A staple of the downtown San Jose bar scene, Cinebar has weathered the good times and the bad with consistently heavy pours at prices that are easy to swallow. Recently taken over by two longtime barkeeps and a local patron/restaurateur, the good old Cine has been given a facelift. Still, it retains its divey, booze-soaked heart. The pool table is free, the PBRs are $3, and during the heat of summer, the good folks behind the bar keep the place dark and cool while playing a tasteful mix of modern comedies, cinematic classics and independent films of all stripes—that is, unless, there’s a Sharks game on.
Known for its signature pint-sized Kamikazes and dimly-lit bohemian vibe, this Los Gatos dive has been open since 1959, with the current owners having overseen the place for the last 20 years. Its murky ambiance and rowdy vibe is a welcome respite from the rest of bourgeois Los Gatos. Black Watch is technically a Scottish pub, so some longtime customers have added decorations like a steel sword and shield to further its hokey but hip feel.
Founded in San Jose and reincarnated in Fremont, the Saddle Rack has been turning out country fans since 1976. Owners Andy Buchanan and Gary Robinson met decades ago in a hockey brawl. “We ran into each other at the net,” Buchanan says, “and when it happened again, we got in a fight.” Despite the rough start, the Canadian expats became fast friends and took over the Saddle Rack, where they book the biggest names in country music, hold multi-weekly dance lessons and host weddings, birthdays, bachelor(ette) shindigs and, oddly enough, the occasional funeral. The full-sized mechanical bull has been bucking off sozzled patrons for decades.
This Vietnamese fusion and trans nightclub in downtown San Jose has been stopping curious, if not fascinated pedestrians since its opening. While presenting mostly Vietnamese music and performers, the two-level club puts on everything from mariachi bands to underground electronic acts. Viet pop and Salsa make a strange but fitting harmony, with nothing quite like it around.
Besides the usual darts, jukebox, pool and air hockey, Antonio’s Nut House is filled with peanut shells. The crunchy, ultra-casual, Palo Alto dive bar has an extensive supply of games, an outdoor smoking area and quality beers—with many specialities on draught. Best known for supplying unlimited nuts and the shells that cover the floor, it’s the taqueria counter hidden in the back that really brings back the true dive-dweller.
With its casual atmosphere and sense of community, Mac’s Club in San Jose has more of a “Cheer’s” vibe than that of a thundering nightclub. One of the oldest and few remaining gay bars in the South Bay, Mac’s is known for its fun and charming bartenders and overall sense of accessibility.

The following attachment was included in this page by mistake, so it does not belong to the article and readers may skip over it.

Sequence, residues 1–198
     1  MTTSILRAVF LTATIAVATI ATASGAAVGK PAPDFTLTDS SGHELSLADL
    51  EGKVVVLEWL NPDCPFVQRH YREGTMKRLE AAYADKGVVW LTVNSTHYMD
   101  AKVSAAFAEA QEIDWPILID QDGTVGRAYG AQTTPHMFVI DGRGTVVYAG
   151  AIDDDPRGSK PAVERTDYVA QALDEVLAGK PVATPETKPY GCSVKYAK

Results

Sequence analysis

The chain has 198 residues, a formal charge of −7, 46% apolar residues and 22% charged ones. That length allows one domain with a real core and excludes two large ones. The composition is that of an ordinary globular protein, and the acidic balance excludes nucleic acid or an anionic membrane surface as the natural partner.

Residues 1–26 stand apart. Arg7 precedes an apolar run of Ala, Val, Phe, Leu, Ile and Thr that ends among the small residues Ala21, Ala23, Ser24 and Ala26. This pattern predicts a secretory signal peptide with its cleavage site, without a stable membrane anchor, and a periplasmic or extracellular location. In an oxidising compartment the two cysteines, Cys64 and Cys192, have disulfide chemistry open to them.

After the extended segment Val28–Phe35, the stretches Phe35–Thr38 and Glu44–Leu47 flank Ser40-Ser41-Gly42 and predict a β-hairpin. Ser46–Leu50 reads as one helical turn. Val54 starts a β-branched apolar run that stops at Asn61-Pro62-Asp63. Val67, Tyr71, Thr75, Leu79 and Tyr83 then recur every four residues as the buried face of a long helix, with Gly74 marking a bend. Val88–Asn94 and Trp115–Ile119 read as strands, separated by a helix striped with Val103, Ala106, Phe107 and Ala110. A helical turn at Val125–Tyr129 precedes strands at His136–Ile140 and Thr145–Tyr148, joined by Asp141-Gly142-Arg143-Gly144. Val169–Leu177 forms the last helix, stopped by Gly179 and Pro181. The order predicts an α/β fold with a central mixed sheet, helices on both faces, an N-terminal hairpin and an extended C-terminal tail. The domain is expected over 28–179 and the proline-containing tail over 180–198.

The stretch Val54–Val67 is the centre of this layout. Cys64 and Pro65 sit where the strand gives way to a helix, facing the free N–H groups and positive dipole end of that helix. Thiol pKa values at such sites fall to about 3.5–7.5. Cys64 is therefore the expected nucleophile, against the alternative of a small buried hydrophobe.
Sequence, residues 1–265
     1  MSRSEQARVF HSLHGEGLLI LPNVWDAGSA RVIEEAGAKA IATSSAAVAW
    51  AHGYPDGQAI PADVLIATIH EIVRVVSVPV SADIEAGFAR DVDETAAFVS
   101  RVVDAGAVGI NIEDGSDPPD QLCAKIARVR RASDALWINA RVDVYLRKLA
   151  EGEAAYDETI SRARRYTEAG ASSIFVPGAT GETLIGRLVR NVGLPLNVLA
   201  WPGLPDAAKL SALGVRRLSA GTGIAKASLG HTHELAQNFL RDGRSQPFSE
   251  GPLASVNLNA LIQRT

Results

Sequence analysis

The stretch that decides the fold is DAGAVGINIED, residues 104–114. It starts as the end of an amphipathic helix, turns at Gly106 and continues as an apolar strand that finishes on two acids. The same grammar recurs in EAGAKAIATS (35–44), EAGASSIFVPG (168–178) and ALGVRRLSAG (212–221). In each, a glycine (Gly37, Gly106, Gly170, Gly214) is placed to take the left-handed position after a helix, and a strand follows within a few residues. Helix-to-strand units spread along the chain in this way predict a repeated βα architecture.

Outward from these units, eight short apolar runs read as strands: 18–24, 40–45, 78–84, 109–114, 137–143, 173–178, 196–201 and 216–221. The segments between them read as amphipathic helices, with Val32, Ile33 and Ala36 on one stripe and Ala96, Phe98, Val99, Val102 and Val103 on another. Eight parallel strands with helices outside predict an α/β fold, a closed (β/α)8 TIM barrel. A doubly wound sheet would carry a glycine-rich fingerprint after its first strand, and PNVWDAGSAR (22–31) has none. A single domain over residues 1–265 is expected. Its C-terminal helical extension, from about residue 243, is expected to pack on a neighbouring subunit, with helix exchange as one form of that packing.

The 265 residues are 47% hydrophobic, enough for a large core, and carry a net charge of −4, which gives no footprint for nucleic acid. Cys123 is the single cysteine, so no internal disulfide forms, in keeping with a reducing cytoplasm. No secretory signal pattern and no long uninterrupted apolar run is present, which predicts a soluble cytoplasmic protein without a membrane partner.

Owned by two Englishmen, an Irishman and a Scotsman, the Britannia Arms in Almaden—part of a small chain of local pubs—is an institution in the South Bay. Punters come for the British beers, ciders and food menu of English favorites. Co-owner Michael North, who runs the Almaden bar, fondly remembers the time Rod Stewart stopped by to eat, drink and croon before the 1994 World Cup. “That was a ‘wow’ moment,” North says. “It was like having another guy hang out for the soccer game. No pretension. We just sat there and talked and sang English songs.”
What makes a dive bar great can be argued forever, but it’s safe to say Alex’s 49er Inn would check a lot of boxes. What it lacks in aesthetics, the bar makes up for with good conversation, competitive games of pool and incredibly cheap drinks. Karaoke is another fixture of the bar, featured every Wednesday and Saturday night.
There’s a reason the local Cali-Mex chain prescribes a two-drink limit and a cab ride home for its “industrial strength” swirls. Aqui’s boozed-up margarita slushies cover the gamut, from classic sangria and sunrise (orange) swirls to martini and pomegranate.
Possibly the most authentic English pub in San Jose, Trials is a more intimate and elegant departure from most dives with nary a flat-screen in sight. The building’s basement was once part of San Jose’s city jail. Although it’s gone through a couple of owners since opening in 1997, it has remained a unique fixture in downtown. Trials was even mentioned in the popular Lonely Planet series 2003 Guide to California.
Memorabilia-decked Patty’s Inn may not look like much from outside, but claims a colorful history dating back to the end of the Prohibition. A quick walk from the Diridon Caltrain hub and the Shark Tank makes the tumbledown dive a happy-hour stop for commuters and pregame layover for hockey fans.